Kathleen Callahan has owned Florida’s Xpertech Auto Repair for 20 years. In 2020, she joined Repair Shop of Tomorrow as a coach to pursue her passion for developing people and creating thriving shop cultures. Callahan is the 2018 Women in Auto Care Shop Owner of the Year, nationally recognized by AAA for three consecutive years, testified for Right to Repair on Capitol Hill, and is vice chair of Women in Auto Care.

kathleencallahanfl@gmail.com

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COLUMN / CALLAHAN MEASURE,
MANAGE & MASTER

NFL

coach Jimmy Johnson knew leadership throughout a team is necessary for success. Here’s how his philosophy can help your shop

WHEN JIMMY JOHNSON TOOK OVER AS HEAD COACH for the Dallas Cowboys in 1989, he inherited a team that was a long way away from its glory days in the 1970s and was, at that point, one of the worst teams in the NFL.

Coming off a 3-13 season that prompted the firing of the great Tom Landry, Dallas was a franchise that was just a shell of its former self and one in desperate need of total organizational change.

Despite the Herculean task ahead of him—and the outside pressure from media and fans that came along with it—Johnson had the Cowboys back in the playoffs a mere three seasons later, with back-toback Super Bowl wins in his fourth and fifth seasons.

There’s no doubt Johnson was a great football tactician, and there was also a fair bit of luck along the way (drafting three Hall of Famers in the first round of each of his first three drafts will greatly boost the chances of any football team). However, Johnson’s best skill as a coach was his ability to find and develop strong leaders on his

team who could share his vision and help lead his team.

Johnson knew he needed all 53 men on his team to buy into his leadership to get back to the Super Bowl. And he knew that he needed players, whether that be star quarterback Troy Aikman or workhorse offensive guard John Gesek, to step up as leaders to make sure everyone was performing their best. Johnson also tailored his leadership style to fit the needs of each individual player, helping ensure each man could be his best.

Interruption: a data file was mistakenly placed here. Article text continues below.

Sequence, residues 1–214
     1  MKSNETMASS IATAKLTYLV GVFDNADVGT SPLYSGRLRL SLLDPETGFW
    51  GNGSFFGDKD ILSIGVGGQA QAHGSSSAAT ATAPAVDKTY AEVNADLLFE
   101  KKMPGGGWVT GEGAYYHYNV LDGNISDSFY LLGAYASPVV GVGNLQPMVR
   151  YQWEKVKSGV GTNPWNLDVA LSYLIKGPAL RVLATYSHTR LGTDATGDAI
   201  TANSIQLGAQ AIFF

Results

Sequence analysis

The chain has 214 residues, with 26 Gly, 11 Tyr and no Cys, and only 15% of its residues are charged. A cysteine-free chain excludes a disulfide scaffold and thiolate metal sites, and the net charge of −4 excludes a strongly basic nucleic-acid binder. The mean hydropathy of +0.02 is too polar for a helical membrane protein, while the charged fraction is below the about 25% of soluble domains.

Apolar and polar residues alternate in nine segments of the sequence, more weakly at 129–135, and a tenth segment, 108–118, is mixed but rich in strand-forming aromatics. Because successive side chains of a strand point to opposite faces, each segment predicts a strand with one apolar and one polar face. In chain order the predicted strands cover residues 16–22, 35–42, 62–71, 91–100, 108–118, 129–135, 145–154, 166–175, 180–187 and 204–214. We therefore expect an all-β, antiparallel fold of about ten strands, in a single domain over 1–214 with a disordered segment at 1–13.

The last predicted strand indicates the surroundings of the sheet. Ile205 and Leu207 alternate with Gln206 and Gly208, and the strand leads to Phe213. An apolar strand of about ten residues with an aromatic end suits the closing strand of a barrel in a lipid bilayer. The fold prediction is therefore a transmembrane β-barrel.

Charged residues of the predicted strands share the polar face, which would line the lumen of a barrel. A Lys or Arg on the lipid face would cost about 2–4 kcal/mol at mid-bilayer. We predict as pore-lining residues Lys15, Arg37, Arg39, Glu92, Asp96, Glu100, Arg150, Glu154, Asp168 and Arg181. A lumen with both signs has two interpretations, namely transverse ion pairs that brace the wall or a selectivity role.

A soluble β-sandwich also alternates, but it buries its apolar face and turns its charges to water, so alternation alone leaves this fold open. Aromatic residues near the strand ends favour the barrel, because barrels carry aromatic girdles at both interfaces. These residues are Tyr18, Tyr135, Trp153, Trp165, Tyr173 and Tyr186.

Each person on a team, whether they play football or repair cars, is going to have a different definition of what makes a great leader, and each is going to need something different to help them reach their full potential. Understanding that and giving each member of your team the support they need will help your shop develop strong talent as well as foster leaders throughout your organization.

What to Look For

Johnson has said many times that a key

24 / R+W / 06.24
Jonathan Ortiz of Foreign Affairs Auto believes natural leaders inherently stand out from the pack. Ben Duncan of Duncan’s European Automotive seeks input from his team when choosing shop leaders.

to his success as a head coach was finding players who put the team’s success before their own. Jonathan Ortiz, owner of Foreign Affairs Auto in West Palm Beach, says following the same principle has helped him find and develop leadership talent at his two-shop operation.

“Somebody that has leadership qualities will find ways to lead, even without a title,” Ortiz says. “They’re going to show leadership qualities through their efforts and attitudes, trying to get the best out of those around them.”

Ben Duncan, owner of Duncan’s European Automotive in New Hampshire, says the members of his team who turn out to be great leaders first show themselves not only as natural problem solvers but as good teachers as well.

“We’ve had a number of employees over the years who have been able to look at a situation with a unique perspective and come up with an alternative solution, and then they’re able to share that in a way that the whole team can absorb,” Duncan says.

Both say there isn’t a one-size-fits-all method to identifying that kind of leadership talent—each person is going to be different and will show leadership qualities in many ways. However, both say there are some strategies they use to help identify who could be leader material.

Ortiz says people don’t start just suddenly showing leadership qualities, and asking people who have previously worked with a candidate during the interview process can often provide crucial insight into how that candidate will perform in your shop.

“References are really important to us during the interview process,” Ortiz says. “People that have worked with this person can provide really strong insight, and you’ll get a really good read to what leadership qualities that person might have.”